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6 Tips for Managing the OEM Relationship

Jun 24, 2019 9:32:00 AM

managing OEMs

The automotive supplier-OEM relationship needs nurturing, trust, and mutual understanding, or it can fall off the rails.  The communication breakdowns that lead to strained relations tend to come from three primary areas:

  • Total focus on price
  • Failure of the supply chain to meet demand spikes
  • Disputes around liability (missed projections, product failures)

There are plenty of other issues that could arise, but these three are frequent culprits.  An OEM supplier that hyper-focuses on bottom-line price or expects you to anticipate the future (even if you aren’t being kept up-to-date) can be a challenge.

However, when both sides are clear on their expectations and understand the goals and needs of their partners, the relationship can flourish.  Not every OEM is easy to work with, but there are strategies you can use to give yourself the best chance at managing the OEM relationship towards success.

  1. Be a Proactive Communicator — As a supplier, it’s natural to expect that your OEM will set the table.  After all, they are the ones taking bids for a product, spec, and price point they’ve pre-determined.  However, neither the supplier nor the OEM can read minds, which means you need to share information proactively and keep the lines of communication open.  Many issues in both initial negotiations and deteriorating partnerships come down to misunderstandings about expectations. Thoroughly document your company’s internal knowledge so that it isn’t lost during organizational changes (turnover, new points of contact, revised processes).
  2. Educate When Necessary — Not all OEMs are fully aware of how your product is manufactured or engineered.  If there’s a misalignment between their expectations (say, for R&D costs) with operational realities, this can cause the relationship to break down.  Be informative and help the OEM understand your internal production processes and the methodology behind them.  This will ensure that all deliverables hold a shared expectation.
  3. Let the OEM Do Their Job — The OEM has hired you to solve a supply problem.  The initial launch of the partnership will involve anxieties over whether they’ve made the right choice.  This might be expressed in what feels like micromanagement, but that’s rarely the OEM’s intention. It will help your partner to feel comfortable if you prioritize transparency and welcome all initial inquiries or requests.  Be empathetic to their needs to cultivate trust in the long term. As the relationship settles in, both sides will be able to contribute helpful suggestions that capitalize on mutual competitive advantages.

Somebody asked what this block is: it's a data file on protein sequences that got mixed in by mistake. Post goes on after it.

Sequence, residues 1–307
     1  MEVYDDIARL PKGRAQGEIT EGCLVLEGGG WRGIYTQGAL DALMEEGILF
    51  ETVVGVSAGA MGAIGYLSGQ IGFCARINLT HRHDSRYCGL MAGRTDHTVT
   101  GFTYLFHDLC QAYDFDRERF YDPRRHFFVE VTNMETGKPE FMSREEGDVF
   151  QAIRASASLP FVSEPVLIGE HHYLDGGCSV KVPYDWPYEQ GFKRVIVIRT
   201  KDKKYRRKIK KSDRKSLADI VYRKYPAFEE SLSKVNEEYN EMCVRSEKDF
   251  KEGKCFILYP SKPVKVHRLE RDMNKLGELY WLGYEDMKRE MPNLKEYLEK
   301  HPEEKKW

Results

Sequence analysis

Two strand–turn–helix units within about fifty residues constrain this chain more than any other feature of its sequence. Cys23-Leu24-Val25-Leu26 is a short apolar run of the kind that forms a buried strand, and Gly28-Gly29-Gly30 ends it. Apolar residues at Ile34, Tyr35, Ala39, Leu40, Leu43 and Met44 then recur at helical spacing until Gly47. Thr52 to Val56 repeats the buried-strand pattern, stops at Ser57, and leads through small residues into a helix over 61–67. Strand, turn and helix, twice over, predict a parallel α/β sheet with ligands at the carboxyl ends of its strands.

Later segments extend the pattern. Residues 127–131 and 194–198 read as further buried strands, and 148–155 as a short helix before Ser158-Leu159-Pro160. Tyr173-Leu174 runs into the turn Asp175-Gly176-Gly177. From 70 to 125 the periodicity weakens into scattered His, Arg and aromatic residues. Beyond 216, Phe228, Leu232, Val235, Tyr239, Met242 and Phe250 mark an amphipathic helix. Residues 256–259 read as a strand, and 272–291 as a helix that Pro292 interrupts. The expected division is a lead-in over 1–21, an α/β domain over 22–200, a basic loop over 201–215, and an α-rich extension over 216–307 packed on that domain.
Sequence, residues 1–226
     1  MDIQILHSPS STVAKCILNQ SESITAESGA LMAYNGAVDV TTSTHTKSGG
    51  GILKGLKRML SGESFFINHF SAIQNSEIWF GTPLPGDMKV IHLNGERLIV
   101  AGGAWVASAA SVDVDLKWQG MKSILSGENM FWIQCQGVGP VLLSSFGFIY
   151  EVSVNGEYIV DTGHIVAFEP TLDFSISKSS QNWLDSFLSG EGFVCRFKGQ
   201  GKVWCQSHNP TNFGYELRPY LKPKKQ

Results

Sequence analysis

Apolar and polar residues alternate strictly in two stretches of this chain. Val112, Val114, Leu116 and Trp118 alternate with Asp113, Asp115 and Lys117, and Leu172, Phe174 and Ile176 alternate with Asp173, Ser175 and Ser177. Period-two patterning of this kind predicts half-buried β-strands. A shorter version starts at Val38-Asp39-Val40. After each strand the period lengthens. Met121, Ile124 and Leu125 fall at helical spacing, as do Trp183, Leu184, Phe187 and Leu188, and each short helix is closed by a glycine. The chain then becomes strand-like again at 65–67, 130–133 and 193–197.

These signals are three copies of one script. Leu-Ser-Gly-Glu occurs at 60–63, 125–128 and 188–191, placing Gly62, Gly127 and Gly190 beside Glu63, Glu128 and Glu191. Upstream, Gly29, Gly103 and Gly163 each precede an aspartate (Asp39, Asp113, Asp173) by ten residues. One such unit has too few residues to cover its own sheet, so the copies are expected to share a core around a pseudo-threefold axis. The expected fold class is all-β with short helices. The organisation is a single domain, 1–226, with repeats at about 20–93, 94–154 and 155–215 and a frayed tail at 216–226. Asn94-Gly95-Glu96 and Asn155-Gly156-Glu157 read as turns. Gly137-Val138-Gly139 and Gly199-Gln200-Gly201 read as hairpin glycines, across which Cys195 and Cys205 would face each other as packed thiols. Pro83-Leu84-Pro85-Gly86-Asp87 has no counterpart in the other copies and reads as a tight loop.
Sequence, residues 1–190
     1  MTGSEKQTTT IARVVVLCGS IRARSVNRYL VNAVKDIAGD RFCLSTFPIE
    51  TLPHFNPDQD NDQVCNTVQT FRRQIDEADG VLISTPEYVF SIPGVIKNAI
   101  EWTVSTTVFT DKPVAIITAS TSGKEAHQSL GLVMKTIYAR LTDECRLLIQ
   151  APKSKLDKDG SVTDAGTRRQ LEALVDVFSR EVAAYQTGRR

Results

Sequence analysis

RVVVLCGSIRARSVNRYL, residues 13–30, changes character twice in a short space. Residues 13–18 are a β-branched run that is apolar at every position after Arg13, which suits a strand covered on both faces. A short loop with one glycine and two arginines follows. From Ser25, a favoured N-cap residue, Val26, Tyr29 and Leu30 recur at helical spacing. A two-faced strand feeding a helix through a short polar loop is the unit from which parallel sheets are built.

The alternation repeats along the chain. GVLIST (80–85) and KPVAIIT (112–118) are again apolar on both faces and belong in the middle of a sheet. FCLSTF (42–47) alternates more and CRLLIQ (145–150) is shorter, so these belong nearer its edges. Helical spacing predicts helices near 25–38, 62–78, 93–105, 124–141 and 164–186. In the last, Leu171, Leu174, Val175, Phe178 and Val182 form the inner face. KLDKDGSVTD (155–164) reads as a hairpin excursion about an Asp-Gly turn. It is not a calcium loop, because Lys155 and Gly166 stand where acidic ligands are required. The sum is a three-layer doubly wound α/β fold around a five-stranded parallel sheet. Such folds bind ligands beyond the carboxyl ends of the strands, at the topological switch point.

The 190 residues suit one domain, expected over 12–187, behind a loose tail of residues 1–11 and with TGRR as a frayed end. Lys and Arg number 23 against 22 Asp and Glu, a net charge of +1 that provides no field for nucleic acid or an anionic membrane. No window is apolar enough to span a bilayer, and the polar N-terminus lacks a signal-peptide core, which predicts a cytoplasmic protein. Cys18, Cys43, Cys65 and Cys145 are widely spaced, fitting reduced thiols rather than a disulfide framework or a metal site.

4. Reduce Their Risks Whenever Possible — The auto industry is fiercely competitive, so most significant decisions involve risk management.  Warranties, guarantees of service, and extensive evidence that your materials meet industry regulations and OEM spec all contribute to improved sustainability in the partnership.  Any operational processes you can take over on the supply chain side also help you to share in risks and foster a stronger OEM relationship.
  5. Think Outside the Box — If negotiations are stalling on a fixed per-unit price point, you can break out of the holding pattern by discussing other aspects that will help lower your expenses.  For instance, offer the desired discount in return for a larger upfront deposit or increase in order volume. Or, provide collateral bonuses like warranty improvements or faster shipping at no additional expense.
  6. Collaborate on Cost-Downs — Try to build an OEM relationship in which both sides are receptive to design, material, or process suggestions that could reduce costs without compromising on quality.  OEMs and suppliers share responsibility for the success of a mutually beneficial business arrangement.  Stay open to recommendations, and don’t hesitate to indicate cost-saving opportunities when specifications may be above the needs for a product’s function.

OEM relationship management doesn’t need to be a point of frustration.  After all, it’s a symbiotic relationship. A steady flow of information (in both directions) and focus on shared goals will set both businesses up for success.

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